Today we are going to explore one of the biggest – and yet least talked about – misconceptions around Customer Success: that you can effectively offset churn with upsells.
This misconception starts with basic math; if you lose X dollars when a customer cancels their subscription (or decides to stay but pays you less because of discounts or downsells) you need to replace those X dollars before your business can start to grow. And there are two main methods of offsetting churned revenue: 1) acquiring net new customers or 2) getting your existing customers to expand their relationship with you and pay you more.
But as many businesses have discovered, method #1 – acquiring new customers to offset dollars lost – is a difficult and often losing proposition. At the very least, this approach creates a longer payback period for Customer Acquisition Cost (if you’re not sure why CAC is a key metric to track, we recommend reading this post and this post). At the much worse, this approach cultivates negative market sentiments from so many unhappy, churned customers. But no worries, it’s on to method #2, getting existing customers to buy more! Problem solved, right?
Not so much. As Customer Success thought leader Lincoln Murphy explains in this excellent post, using existing customers to offset your churn doesn’t work either. We strongly recommend reading the entire post but here is an outline of Murphy’s well-reasoned argument to get you started:
- Expansion is part of the customer’s success: Upsells and cross-sells happen because a customer is successful; in other words, account expansion is part of a customer’s path towards success. But if churn is what occurs when a customer is not successful, then expansion is not possible when a customer is not successful. As Murphy clearly puts it: “You can’t use upsells to offset churn because churn is caused by the very thing that prevents upsells from happening.” So if you expect your Customer Success to be more than just making customers happy – meaning you expect your Customer Success to be a Growth Engine via upselling and cross-selling – you absolutely must have a baseline focus on the customer’s success. This expectation also requires you to accept that fact that…
- Offsetting is NOT growth: An important metric to track is your Net Revenue Retention (NRR), or the revenue that remains at the end of a timeframe, net of any upsells and churn. If your NRR is less than 100%, your business is shrinking. But as Murphy points out, an NRR of 100% doesn’t mean that you’re growing, it means you are stagnant and “if that status quo is due to expansion ‘offsetting’ revenue churn just to break even, that’s likely a really bad sign.” But really important to recognize is that an NRR of greater than 100% – which means you are making more from expansion than any churn – might make it seem like things are good but…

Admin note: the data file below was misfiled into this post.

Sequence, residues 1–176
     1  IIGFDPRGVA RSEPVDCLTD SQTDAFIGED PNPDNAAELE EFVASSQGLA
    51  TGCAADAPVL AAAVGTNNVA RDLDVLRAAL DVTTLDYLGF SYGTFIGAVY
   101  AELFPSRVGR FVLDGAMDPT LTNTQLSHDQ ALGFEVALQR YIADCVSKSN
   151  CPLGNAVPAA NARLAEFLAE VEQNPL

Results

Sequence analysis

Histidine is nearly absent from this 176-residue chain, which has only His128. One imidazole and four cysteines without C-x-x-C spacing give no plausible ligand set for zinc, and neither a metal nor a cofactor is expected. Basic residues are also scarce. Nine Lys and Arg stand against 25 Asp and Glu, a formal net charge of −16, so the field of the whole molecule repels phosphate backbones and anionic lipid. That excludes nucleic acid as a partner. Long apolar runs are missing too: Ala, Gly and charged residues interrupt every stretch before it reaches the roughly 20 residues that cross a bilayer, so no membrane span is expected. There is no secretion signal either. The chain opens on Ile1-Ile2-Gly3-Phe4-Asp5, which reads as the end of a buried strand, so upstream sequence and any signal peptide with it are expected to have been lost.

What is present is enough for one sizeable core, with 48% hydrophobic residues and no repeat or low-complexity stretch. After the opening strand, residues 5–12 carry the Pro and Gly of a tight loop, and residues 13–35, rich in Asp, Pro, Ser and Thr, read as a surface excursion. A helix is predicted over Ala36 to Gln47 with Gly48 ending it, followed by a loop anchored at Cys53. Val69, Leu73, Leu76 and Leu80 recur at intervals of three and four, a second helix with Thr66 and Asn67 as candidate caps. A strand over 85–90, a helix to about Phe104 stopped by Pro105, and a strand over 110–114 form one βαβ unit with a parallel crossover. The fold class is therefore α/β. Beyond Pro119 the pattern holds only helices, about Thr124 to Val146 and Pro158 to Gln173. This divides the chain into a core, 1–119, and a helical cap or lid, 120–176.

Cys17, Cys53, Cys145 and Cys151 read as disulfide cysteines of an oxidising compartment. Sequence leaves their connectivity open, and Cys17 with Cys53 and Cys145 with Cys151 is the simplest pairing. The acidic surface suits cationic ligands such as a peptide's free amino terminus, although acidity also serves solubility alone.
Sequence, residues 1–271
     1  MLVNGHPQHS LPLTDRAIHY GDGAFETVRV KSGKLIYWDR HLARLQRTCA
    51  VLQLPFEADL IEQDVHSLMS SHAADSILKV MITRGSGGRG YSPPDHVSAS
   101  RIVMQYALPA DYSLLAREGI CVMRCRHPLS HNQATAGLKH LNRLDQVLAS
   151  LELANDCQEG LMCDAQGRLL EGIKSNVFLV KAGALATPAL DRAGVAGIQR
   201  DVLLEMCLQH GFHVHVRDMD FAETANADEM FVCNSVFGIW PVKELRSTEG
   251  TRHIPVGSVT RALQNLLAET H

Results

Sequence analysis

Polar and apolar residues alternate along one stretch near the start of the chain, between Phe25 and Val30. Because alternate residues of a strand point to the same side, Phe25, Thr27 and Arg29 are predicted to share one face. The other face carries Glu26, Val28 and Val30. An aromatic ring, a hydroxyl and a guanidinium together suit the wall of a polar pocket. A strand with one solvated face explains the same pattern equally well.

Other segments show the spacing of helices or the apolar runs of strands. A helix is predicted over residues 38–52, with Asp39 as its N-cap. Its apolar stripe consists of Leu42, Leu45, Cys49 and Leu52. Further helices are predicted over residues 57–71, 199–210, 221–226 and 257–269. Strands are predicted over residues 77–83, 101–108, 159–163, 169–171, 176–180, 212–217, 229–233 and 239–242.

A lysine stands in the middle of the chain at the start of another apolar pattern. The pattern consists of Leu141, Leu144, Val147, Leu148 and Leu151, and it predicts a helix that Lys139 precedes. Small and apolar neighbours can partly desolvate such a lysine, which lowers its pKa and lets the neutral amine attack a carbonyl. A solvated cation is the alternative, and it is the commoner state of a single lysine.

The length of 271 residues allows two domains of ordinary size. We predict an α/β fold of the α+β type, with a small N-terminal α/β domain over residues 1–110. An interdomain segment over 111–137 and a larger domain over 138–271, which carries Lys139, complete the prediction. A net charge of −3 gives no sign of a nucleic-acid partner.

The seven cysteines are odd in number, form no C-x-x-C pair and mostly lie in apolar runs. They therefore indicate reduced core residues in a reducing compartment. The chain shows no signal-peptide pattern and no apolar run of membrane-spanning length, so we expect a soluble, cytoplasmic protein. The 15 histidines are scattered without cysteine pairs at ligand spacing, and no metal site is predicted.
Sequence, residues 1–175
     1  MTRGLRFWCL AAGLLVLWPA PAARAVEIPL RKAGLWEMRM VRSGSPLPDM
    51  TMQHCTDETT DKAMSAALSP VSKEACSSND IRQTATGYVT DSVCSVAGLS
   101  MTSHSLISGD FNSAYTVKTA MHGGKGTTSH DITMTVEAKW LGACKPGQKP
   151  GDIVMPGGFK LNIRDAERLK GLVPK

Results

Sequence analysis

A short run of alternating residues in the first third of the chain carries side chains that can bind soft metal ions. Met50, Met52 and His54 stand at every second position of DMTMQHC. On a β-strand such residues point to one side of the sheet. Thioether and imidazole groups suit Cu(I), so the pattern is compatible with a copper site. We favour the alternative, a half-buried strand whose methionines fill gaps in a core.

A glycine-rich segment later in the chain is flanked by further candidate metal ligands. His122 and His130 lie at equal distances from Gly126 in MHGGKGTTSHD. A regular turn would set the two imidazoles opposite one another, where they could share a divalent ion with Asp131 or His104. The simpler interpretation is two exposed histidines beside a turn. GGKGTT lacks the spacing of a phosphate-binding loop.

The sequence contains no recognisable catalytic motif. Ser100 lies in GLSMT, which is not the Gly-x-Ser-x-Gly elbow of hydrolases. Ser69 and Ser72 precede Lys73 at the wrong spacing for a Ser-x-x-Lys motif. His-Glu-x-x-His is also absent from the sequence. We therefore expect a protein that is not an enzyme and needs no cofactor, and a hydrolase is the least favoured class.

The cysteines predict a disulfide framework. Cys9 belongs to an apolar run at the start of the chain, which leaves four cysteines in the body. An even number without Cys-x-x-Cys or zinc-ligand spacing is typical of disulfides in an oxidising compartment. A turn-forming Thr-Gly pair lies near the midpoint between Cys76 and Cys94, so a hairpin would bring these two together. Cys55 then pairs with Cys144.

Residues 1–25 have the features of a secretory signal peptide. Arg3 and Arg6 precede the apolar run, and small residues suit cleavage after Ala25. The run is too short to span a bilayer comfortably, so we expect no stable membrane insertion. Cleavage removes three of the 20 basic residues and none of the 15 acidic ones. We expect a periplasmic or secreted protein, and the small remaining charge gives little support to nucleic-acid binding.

- Math and reality are different: Because, again, you can’t use upsells to offset churn because churn is caused by the very thing that prevents upsells from happening. As Murphy explains, “If you are acquiring customers without Success Potential and/or not doing what is necessary to ensure your customers that have Success Potential are unlocking such potential, then you are not creating the conditions necessary for expansion. You’ve created – by choice or by accident – an environment and experience that are not congruent with the customer’s success; so how can you realistically expect enough customers to buy more or invite you into other parts of their company to offset the damage that’s being done by the customers you’ve failed?” While Murphy acknowledges that there are invariably edge cases of businesses that have managed to offset their churn with upsells, the reality is that most of the time, without worrying about outliers, this is not going to work: “You simply cannot achieve the revenue expansion necessary to offset revenue churn – in a scalable, repeatable way – when you’re not working to ensure your customers are successful since expansion is PART of the customer’s success.” So he suggests that you…
- Focus on getting rid of churn so you have nothing to offset: While it may seem obvious that churn does not have to exist, many businesses have simply accepted churn as a reality, which is how they arrive at developing plans (like upselling) to offset that churn. Instead, Murphy suggests getting back to the heart of the problem and working to get reduce and eliminate your churn: “When you don’t have churn, you don’t have to offset the lost revenue; all of your expansion revenue just adds to the top line and improves your margins. It’s true that it costs less to get revenue from existing customers than from net new customers, but this only works if you create the conditions for Customer Success. And ultimately, this focus on the customer’s success directly increases the value of your company.”